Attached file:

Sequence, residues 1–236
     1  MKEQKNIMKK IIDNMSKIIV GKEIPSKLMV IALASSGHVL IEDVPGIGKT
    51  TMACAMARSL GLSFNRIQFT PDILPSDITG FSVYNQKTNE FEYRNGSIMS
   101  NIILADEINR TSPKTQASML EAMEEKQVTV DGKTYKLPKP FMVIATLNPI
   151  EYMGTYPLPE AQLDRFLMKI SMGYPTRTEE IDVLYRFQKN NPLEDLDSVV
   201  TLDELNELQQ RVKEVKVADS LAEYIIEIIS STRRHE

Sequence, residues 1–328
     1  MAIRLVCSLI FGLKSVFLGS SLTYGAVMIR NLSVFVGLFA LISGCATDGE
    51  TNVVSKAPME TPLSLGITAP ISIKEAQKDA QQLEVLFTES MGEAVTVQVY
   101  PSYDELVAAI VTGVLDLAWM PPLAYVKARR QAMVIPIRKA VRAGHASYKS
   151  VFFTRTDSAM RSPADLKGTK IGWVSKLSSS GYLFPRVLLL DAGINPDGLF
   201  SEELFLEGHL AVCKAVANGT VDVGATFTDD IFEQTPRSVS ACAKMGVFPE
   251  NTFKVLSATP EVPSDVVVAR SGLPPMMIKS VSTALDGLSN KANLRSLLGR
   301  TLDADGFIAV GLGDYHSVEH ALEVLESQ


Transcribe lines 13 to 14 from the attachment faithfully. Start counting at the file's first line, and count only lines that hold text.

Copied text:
   251  NTFKVLSATP EVPSDVVVAR SGLPPMMIKS VSTALDGLSN KANLRSLLGR
   301  TLDADGFIAV GLGDYHSVEH ALEVLESQ